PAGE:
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When a beautiful, aspiring writer strides into the East Village bookstore where Joe Goldberg works, he does what anyone would do: he Googles the name on her credit card.
There is only one Guinevere Beck in New York City. She has a public Facebook account and Tweets incessantly, telling Joe everything he needs to know: she is simply Beck to her friends, she went to Brown University, she lives on Bank Street, and she’ll be at a bar in Brooklyn tonight—the perfect place for a “chance” meeting.
As Joe invisibly and obsessively takes control of Beck’s life, he orchestrates a series of events to ensure Beck finds herself in his waiting arms. Moving from stalker to boyfriend, Joe transforms himself into Beck’s perfect man, all while quietly removing the obstacles that stand in their way—even if it means murder
Trigger warnings: extremely sexual content, violence and stalking
I gotta hand it to Caroline Kepnes–for a debut novel, You is very, very, well-written, especially when considering the subject matter. The narration is the best part about this book–despite the unbelievably and disturbingly sexual language that Joe uses, despite the way he blames everybody but himself for his actions and his choices, despite the cold and calculating way he makes his plans without any thought to who he is harming, there were many instances throughout the story when I forgot that he was the bad guy. I am not gonna say that I ever rooted for him or supported his thoughts, but there were times when I found myself reading the book and thinking of him as just another regular male protagonist who is madly in love with a woman who does not love him back. That is not the story here though, and Joe’s obsession with Beck was something that will probably haunt me for a long time. I also loved the unreliability of Joe’s narration. Because of the way he perceives others and the world itself, and because we are reading the story from his perspective, I often had to figure out myself what the reality really was because Joe’s reality is extremely deluded.
However, despite the strong narration, the plot was flimsy at best. Everything was too easy for Joe–from stalking Beck to being able to interfere in her life the way he did–he was able to do all of it because of the carelessness of both Beck and the other supportive characters. I truly do not mean to blame the victim, but there are certain things you know not to do no matter how screwed up you are or how safe you feel in your neighborhood, especially when you are a twenty-something adult living all by yourself. In fact, the more I think about it, the more I realize that it wasn’t really that much of a challenge for Joe to do the things that he does in this novel, because all the characters are so incredibly stupid and reckless about their own personal safety.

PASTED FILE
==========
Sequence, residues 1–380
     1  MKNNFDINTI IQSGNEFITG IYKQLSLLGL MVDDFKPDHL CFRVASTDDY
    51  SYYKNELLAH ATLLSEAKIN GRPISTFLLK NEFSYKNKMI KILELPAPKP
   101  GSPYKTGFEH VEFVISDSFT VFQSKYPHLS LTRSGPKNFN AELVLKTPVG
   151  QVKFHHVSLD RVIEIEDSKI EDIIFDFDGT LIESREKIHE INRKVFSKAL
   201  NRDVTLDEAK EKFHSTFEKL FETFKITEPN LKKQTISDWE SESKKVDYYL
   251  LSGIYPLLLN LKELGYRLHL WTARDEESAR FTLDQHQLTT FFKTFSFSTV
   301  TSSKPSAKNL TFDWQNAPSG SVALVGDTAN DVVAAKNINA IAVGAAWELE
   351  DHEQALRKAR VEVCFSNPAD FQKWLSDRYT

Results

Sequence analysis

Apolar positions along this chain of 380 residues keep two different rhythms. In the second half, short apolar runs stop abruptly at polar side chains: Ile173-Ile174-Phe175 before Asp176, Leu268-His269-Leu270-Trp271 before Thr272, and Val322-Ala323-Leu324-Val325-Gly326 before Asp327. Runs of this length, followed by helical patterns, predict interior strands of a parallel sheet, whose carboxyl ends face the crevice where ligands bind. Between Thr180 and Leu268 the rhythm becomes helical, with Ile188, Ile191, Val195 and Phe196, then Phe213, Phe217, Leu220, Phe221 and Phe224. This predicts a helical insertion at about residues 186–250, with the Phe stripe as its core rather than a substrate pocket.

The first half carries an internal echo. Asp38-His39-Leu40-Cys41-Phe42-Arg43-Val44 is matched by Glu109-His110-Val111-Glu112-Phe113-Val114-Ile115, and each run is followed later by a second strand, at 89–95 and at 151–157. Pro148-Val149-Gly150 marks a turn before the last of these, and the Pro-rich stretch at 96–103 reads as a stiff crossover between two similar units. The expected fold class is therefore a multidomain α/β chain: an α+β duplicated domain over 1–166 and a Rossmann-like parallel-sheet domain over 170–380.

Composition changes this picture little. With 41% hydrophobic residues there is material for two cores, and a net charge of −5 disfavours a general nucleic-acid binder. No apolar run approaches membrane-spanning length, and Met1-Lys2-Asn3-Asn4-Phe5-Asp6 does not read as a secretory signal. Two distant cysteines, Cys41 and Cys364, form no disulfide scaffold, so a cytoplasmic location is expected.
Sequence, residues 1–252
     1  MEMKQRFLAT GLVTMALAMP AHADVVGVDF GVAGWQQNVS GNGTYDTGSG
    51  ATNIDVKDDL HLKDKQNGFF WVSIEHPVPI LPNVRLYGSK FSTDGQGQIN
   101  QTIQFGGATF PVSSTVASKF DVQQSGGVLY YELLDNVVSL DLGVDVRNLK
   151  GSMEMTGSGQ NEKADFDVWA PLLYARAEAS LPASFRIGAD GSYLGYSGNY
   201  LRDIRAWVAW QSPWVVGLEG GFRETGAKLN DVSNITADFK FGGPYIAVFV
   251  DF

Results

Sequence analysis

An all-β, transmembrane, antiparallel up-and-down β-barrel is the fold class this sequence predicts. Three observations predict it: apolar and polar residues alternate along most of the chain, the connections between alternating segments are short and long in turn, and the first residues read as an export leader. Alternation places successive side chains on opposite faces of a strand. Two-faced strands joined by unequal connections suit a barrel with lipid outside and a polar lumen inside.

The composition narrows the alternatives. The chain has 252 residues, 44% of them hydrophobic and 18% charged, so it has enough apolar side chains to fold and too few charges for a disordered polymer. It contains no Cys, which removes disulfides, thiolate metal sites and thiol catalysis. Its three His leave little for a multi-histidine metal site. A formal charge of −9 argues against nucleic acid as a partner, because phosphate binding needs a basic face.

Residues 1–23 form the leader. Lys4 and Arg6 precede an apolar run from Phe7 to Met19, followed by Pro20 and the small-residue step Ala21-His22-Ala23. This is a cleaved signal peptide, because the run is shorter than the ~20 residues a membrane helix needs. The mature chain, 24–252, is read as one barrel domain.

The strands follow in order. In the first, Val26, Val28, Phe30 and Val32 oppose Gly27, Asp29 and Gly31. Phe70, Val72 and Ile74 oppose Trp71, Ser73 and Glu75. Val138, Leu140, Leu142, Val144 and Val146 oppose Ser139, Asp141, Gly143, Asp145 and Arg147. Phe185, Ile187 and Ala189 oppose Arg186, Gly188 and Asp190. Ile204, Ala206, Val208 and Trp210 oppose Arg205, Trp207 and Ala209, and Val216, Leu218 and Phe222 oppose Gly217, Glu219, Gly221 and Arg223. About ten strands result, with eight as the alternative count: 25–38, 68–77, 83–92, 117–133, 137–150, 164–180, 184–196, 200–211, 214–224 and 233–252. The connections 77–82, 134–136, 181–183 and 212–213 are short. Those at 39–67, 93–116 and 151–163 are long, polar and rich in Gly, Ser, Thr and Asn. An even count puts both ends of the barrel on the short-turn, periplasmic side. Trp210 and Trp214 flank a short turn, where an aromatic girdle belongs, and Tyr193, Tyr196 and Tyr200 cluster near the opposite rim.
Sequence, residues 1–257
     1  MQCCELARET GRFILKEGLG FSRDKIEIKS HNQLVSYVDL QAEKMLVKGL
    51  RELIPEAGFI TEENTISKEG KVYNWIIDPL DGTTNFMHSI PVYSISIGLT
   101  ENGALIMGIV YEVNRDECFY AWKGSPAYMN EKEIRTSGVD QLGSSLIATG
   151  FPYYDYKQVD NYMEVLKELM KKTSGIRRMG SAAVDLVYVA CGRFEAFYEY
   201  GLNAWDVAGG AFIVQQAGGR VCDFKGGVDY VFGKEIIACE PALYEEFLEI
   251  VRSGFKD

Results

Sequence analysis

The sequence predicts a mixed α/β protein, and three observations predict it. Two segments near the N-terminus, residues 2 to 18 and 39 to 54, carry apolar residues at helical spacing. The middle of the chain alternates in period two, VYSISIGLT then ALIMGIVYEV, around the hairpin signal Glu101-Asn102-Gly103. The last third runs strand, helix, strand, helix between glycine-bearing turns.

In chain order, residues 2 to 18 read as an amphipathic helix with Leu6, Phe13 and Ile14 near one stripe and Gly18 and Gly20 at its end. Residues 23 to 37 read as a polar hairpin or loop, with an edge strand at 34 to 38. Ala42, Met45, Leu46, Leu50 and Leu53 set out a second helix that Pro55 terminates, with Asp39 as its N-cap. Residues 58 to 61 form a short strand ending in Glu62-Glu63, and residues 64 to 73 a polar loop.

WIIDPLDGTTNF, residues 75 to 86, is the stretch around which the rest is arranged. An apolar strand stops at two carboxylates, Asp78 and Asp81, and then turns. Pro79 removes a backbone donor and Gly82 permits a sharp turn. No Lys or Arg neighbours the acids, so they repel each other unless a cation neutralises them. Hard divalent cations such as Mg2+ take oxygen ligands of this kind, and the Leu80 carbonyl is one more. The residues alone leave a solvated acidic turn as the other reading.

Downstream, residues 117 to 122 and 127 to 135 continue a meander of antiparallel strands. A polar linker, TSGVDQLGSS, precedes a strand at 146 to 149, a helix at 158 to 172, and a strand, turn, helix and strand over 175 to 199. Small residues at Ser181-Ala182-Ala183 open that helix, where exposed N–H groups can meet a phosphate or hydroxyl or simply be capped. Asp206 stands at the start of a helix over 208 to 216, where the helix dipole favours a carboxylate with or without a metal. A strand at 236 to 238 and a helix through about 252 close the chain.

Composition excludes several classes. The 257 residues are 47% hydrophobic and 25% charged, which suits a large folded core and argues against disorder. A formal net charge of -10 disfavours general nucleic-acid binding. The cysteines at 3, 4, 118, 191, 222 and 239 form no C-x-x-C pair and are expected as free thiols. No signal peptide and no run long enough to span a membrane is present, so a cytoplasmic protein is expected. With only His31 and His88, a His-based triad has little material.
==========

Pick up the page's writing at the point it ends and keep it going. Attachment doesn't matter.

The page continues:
In fact, this book has a plot simply because the characters lack common sense and intelligence. If the characters here did not make the mistakes that they did, the plot really would not have progressed very far.
Speaking of the plot, although Joe’s narration made it really easy for me to fly through the book, halfway in to the story I became extremely bored because of how repetitive and predictable everything was. I feel like this book should have been shorter, and several chapters here should have been simply cut, because they just were not necessary. The predictability and repetitiveness of the story made it difficult for me to finish this book, because after the 50% mark, every time I picked up the book I put it down again thinking “meh I know what’s gonna happen.” And I did. There really was no element of surprise after the 50% mark.
All in all, this was a good read, but not good enough that I would recommend it to anyone.
Have you ever read a book that gave you nightmares? Or haunted you for a long time? Which one was it and what made you want to read it?
Kelsea Glynn is the sole heir to the throne of Tearling but has been raised in secret by foster parents after her mother – Queen Elyssa, as vain as she was stupid – was murdered for ruining her kingdom. For 18 years, the Tearling has been ruled by Kelsea’s uncle in the role of Regent however he is but the debauched puppet of the Red Queen, the sorceress-tyrant of neighbouring realm of Mortmesme. On Kelsea’s 19th birthday, the tattered remnants of her mother’s guard – each pledged to defend the queen to the death – arrive to bring this most un-regal young woman out of hiding…
And so begins her journey back to her kingdom’s heart, to claim the throne, earn the loyalty of her people, overturn her mother’s legacy and redeem the Tearling from the forces of corruption and dark magic that are threatening to destroy it. But Kelsea’s story is not just about her learning the true nature of her inheritance – it’s about a heroine who must learn to acknowledge and live with the realities of coming of age in all its insecurities and attractions, alongside the ethical dilemmas of ruling justly and fairly while simply trying to stay alive..
I’ll be honest, I had very low expectations for this book, partly because of the abundance of negative reviews this book has on Goodreads and partly because of Emma Watson’s apparent obsession with this book. Now that I have finally read it myself, I am pleasantly surprised: Queen of the Tearling is an intriguing, entertaining, well-written piece of fantasy and a classic example of why we should all read a book ourselves in order to form our own opinion instead of listening to what the mass people are saying. The characters were very interesting and well developed–Kelsea is by far one of my favorite female characters; she has her flaws like any nineteen-year-old but what sets her apart Continue reading